Similarly, the ZIO XT Patch and ZIO Event Card devices, manufactured by iRhythm Tech., Inc., San Francisco, Calif., are wearable monitoring devices that are typically worn on the upper left pectoral region to respectively provide continuous and looping ECG recording. The location is used to simulate surgically implanted monitors. The ZIO XT Patch device is limited to a 14-day period, while just the electrodes of the ZIO Event Card device can be worn for up to 30 days. Both devices represent compromises between length of wear and quality of ECG monitoring. Moreover, both of these devices are also prescription-only, which limits their usability and, the same as a Holter monitor, the discretion to refer the subscriber remains with the attending physician.

Therefore, a need remains for a low cost monitor for recording an ECG and other physiology that can be used by an individual on their own, without health insurance pre-authorization, yet which can identify and generate an actionable, health condition-specific (and ideally health insurance-payable) referral to a medical specialist when medically appropriate.

SUMMARY

Certain kinds of medical conditions, particularly conditions that only sporadically exhibit measurable symptoms, defy conventional forms of medical diagnosis centered on in-clinic testing. Individuals who suffer from such conditions can feel helpless in their attempts to secure access to medical care because, at least in part, they are left to the mercy of their condition to present symptoms at the right time to allow diagnosis and treatment. Moreover, such individuals may present to a physician or other health care provider unable to provide state-of-the-art care for cardiac conditions, especially cardiac rhythm disorders. Providing these individuals with ambulatory extended-wear health monitors that record ECG and physiology, preferably available over-the-counter and without health insurance preauthorization, is a first step towards addressing their needs expeditiously. In addition, these individuals need a way to gain entry into the health care system once a medically-actionable medical condition has been identified. Here, the ECG and physiology is downloaded and evaluated post-monitoring against medical diagnostic criteria. Medical specialists are pre-identified and paired up with key diagnostic findings, such that an individual whose monitoring data indicates a medical concern will be automatically referred and scheduled for a consultation, thereby removing delays and bypassing intermediaries who will not provide definitive interventions for the patient.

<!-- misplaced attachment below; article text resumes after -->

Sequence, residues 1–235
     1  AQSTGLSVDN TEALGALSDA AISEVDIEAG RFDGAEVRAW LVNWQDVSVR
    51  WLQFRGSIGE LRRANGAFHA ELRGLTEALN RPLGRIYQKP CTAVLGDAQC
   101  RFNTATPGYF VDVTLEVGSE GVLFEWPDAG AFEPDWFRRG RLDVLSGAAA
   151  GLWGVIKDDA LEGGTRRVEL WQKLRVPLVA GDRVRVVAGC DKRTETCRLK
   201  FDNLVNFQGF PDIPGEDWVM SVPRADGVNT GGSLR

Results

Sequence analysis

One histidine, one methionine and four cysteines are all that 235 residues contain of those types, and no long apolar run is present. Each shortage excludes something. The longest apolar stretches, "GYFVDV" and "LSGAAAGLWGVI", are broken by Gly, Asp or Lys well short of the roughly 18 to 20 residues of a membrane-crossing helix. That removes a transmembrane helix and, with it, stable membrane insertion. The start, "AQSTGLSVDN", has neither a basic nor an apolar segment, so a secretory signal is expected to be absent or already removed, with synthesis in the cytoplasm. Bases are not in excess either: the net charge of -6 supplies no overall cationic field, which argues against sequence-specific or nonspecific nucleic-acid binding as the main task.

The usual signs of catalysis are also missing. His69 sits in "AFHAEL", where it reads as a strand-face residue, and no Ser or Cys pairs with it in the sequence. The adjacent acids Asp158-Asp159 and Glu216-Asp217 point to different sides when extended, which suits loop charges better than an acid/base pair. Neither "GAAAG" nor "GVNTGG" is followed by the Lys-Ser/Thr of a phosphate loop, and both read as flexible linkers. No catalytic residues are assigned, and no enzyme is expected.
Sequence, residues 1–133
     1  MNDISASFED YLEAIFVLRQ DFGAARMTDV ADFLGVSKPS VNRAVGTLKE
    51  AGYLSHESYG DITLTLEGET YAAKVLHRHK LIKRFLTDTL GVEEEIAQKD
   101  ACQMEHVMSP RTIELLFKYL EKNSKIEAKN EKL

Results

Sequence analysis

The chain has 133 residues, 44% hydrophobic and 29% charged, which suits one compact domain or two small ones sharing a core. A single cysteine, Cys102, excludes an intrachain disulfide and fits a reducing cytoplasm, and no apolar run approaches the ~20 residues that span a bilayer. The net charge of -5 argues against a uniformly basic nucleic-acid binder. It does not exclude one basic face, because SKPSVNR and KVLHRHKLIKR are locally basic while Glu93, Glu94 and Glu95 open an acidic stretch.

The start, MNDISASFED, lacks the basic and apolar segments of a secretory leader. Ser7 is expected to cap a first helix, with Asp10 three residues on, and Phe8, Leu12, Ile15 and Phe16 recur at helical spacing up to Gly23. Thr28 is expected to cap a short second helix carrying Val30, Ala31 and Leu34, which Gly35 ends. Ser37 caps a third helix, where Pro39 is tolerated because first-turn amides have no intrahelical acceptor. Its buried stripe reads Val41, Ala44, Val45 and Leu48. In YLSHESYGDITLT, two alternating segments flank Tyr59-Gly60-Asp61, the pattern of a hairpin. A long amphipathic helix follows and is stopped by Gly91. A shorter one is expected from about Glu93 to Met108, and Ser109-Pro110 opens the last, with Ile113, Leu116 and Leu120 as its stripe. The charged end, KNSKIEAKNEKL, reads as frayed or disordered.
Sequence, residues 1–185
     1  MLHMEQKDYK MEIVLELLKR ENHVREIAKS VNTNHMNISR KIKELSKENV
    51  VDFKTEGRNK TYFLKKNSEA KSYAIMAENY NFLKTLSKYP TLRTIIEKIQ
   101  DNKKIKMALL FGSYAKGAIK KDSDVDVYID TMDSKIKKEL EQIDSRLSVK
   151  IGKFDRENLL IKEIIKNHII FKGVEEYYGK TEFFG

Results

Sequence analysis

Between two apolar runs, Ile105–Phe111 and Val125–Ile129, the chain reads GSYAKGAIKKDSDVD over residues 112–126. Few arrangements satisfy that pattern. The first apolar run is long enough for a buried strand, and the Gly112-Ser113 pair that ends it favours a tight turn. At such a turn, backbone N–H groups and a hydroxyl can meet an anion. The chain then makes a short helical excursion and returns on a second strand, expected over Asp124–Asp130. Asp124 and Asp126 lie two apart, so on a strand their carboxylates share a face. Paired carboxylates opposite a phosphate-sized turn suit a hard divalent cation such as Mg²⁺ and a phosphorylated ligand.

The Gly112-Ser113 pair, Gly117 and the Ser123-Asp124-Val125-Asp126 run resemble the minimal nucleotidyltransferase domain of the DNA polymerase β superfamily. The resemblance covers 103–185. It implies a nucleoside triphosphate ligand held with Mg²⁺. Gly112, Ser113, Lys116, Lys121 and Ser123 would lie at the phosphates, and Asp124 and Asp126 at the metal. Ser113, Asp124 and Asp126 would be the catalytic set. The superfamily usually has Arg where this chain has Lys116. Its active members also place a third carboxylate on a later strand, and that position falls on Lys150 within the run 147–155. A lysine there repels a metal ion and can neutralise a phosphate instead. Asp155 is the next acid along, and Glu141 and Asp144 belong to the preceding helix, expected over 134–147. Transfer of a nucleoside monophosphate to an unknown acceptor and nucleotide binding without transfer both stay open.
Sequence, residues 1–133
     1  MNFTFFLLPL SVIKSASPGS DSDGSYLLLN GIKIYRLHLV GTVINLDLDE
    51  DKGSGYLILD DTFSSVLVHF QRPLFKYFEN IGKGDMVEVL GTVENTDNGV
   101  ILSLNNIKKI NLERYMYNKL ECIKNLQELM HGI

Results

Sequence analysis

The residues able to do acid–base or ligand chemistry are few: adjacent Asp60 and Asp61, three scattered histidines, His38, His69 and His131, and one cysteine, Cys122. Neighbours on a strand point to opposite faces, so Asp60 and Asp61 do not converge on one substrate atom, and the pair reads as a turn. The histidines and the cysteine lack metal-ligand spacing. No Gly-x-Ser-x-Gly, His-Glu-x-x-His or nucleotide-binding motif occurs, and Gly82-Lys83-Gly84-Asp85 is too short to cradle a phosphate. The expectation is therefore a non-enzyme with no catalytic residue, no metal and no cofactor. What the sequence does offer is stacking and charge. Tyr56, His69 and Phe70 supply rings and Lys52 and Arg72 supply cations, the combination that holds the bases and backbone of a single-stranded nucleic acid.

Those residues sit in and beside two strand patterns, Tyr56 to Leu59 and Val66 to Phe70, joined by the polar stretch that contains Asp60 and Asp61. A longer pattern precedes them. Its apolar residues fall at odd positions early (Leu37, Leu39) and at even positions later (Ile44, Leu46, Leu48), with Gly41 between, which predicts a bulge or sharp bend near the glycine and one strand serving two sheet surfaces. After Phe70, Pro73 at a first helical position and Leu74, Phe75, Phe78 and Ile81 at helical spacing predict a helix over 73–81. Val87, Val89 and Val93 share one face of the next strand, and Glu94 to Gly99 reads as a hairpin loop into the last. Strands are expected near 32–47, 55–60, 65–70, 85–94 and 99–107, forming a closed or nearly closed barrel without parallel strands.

One embodiment provides a health monitoring apparatus for addressing medical conditions with the aid of a digital computer. A wearable health monitor includes an electrode patch having a plurality of electrodes provided to sense a patient's physiology and is adapted to be worn over a monitoring period. The wearable health monitor also includes a monitor recorder capable of recording the physiology throughout the monitoring period into an onboard memory. A download station includes an interface over which the physiology can be downloaded from the onboard memory of the wearable heath monitor upon completion of the monitoring period. A computer is adapted to be interfaced to the download station and includes a database including the physiology as retrieved from the download station and a medical diagnostic criteria. The computer also includes a processor and a memory configured to store code executable by the processor. A comparison module is configured to compare the physiology to the medical diagnostic criteria and to generate a diagnostic overread that comprises one or more diagnostic findings. A referral module is configured to determine the severity of any medical condition indicated by the diagnostic findings and to refer the patient to one or more pre-identified care providers via the computer for facilitated diagnosis as conditioned upon the severity of each such medical condition that exceeds a threshold tolerance level.

A further embodiment provides a method for addressing medical conditions through a wearable health monitor with the aid of a digital computer. A patient's physiology is sensed through a wearable health monitor adapted to be worn over a monitoring period. The physiology is recorded throughout the monitoring period into a memory onboard the wearable health monitor. The physiology is downloaded into a computer upon completion of the monitoring period and compared to a medical diagnostic criteria. A diagnostic overread is generated with the computer that includes one or more diagnostic findings. The severity of any medical condition indicated by the diagnostic findings is determined with the computer. The patient is referred to one or more pre-identified care providers via the computer for facilitated diagnosis as conditioned upon the severity of each such medical condition that exceeds a threshold tolerance level.